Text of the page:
Pat Proft [Interview]

Happy Monday Folks! It is another legendary day here at Trainwreck’d Society, as we have a man on the site today that is so legendary I dare use the same word in the same sentence like the clown that I am. It’s the great Pat Proft! First off, this is a guy who just KNOWS what it means to be funny. For as long as I can remember, I knew this man’s name to be in the beginning credits of so many of the movies I knew and loved, especially when I was “coming of age”, or of the “age when you’re always coming”. Seriously Folks, the term “spoof” would be meaningless if this guy wasn’t around to keep the genre going over the last 30+ years. He’s one of the best in the game.

I feel it is only right to say that Pat has actually brought so much more joy into my life than I can truly express. Just last week we had an interview go up with the brilliant actress Brenda Bakke, who was one of the stars of a film that Pat help create that was entitled Hot Shots! Part Deux. This film, and so many others that he has done have always been very special to me for a couple of reasons. One: because they are funny as hell. Which is a term I will never understand, but I like it. Two: My Dad. My father has always been one of the most hilarious people I have ever known. And since I was old enough to actually even remember timelines of events, I have trusted his judgement on what was funny. And as the years progressed and I started to become a fully formed human being, I would learn that he was always right on with what I thought would be hilarious. It was because of my dad that I saw films like Hot Shots and The Naked Gun and Kentucky Fried Movie and knew that THIS was what it means to be funny. And Folks, it was Pat Proft who managed to write these amazing stories that built the bond that I have with my father.

That’s some deep shit, right? I promise you it is all true. So believe me when I say that I am very excited to share with you all these words from the brilliant Pat Proft that I am so damn excited to have grace our digital pages. And I don’t know why I didn’t expect it, but I learned prior to doing this interview that Pat was actually a stand up comedian prior to becoming one of the greatest comedy screenwriters in the world. Fuck yeah, right? So let’s get into it!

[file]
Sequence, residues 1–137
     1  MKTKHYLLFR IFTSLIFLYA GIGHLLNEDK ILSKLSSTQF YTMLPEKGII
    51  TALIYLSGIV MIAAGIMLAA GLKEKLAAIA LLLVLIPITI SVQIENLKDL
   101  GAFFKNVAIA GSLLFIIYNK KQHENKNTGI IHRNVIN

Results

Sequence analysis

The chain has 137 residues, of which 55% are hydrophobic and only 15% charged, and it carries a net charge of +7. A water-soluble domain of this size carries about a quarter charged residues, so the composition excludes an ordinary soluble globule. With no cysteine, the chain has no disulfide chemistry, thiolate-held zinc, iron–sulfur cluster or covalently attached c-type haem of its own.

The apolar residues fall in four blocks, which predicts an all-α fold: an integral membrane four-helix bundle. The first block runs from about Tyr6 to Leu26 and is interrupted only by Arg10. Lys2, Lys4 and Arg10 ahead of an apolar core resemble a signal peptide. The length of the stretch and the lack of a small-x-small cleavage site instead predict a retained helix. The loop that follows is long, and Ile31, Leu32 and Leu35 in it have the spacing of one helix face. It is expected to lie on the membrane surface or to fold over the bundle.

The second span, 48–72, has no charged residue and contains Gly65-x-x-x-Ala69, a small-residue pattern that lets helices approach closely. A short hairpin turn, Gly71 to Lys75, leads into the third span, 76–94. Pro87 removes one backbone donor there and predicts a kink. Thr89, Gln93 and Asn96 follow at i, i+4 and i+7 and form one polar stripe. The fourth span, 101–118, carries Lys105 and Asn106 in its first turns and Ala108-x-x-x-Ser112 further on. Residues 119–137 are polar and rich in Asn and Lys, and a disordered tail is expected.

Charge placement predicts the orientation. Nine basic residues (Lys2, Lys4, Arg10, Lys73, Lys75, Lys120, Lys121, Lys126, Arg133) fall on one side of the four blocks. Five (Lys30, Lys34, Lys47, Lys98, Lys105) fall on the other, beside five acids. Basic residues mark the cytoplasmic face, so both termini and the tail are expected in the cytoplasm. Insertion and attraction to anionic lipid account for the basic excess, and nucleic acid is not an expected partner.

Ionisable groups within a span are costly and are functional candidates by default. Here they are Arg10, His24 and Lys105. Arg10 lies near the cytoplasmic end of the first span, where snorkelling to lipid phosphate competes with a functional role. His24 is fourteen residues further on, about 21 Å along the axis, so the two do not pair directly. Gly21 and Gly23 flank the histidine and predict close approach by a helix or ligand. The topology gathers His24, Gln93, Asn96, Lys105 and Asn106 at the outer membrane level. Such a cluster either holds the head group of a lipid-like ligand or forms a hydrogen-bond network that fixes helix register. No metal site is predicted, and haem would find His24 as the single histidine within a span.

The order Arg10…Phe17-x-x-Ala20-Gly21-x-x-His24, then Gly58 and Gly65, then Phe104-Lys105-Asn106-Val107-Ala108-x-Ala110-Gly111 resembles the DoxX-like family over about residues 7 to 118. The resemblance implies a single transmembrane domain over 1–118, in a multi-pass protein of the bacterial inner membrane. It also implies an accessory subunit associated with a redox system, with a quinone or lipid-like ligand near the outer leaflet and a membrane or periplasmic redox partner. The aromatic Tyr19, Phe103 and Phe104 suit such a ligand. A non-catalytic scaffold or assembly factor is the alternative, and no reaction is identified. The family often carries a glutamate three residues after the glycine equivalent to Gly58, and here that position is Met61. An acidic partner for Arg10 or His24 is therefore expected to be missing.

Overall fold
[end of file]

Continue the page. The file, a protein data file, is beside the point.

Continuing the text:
So Folks, please enjoy some wonderful words from the brilliant Pat Proft!

What was your experience like the first time you heard your words/ideas brought to a screen, be it television or film? Was it eventful to you? Do you remember the first time you saw your work almost literally come to life?

Neal Isreal and I pitched Police Academy to Alan Ladd Jr. at Warners. Alan took us into the head of the studio, “We’re making this movie!”  No script yet. But he wanted it. In fact he put it on the calendar and gave it a release date. My first screen credit was amazing to see. Comedy is all I ever wanted to do…ever. And here my name was on a film. A world wide hit. Cool times 100.  I am a comedian who writes comedy. At the opening of Naked Gun the laughs were amazing. They rolled over the audience. It felt like I was up there saying those words. Weird, but wonderful feeling.

An extremely reliable source (Wikipedia) has told me that you began working at The Comedy Store in the early 70’s. For comedy fans, we all know this the Mecca of west coast based comedy, but was it always so? What was your experience like working there during the club’s early stages?

The Comedy Store was a great place..wonderful be seen showcasing comedy.  In the beginning the room was raw, raucous, fabulous. I was on stage three times a night. Doing my solo stand up. A double act. And improvise with the Comedy Store Players. And on several nights I’d MC. This place was a test for me. Scope out if I’m as funny in LA as I was back in Minneapolis. And I was.  So this boasted my confidence big time.  I miss those days.  Made a lot of good friends. And so nice to see so many of them go on to mountains of success. Huge thanks to Sammy and Mitzi Shore. And Rudy DeLuca.

You were also involved very early with the Zucker Brothers and Kentucky Fried Theater. How did you become involved with them? And what were those days like? Any good stories to tell?

Met ZAZ at the Comedy Store. A fourth member had quit the group. They were scouting comics to see who could join Kentucky Friend Theater. They liked me. I joined the theater.  KFT was one of the hottest comedy tickets in town. Revue comedy is what I did at the Dudley Rigg’s Brave New Workshop in Minneapolis. It was an easy fit. We worked together a lot over the years. Same senses of humor. Midwestern humans not tainted by either coast. Working with them as ZAZ or David and Jim on scripts was a shit load of laughs. At the end of the script I felt great that now the director, Jerry, Jim, or David, would be someone who could put this on the screen.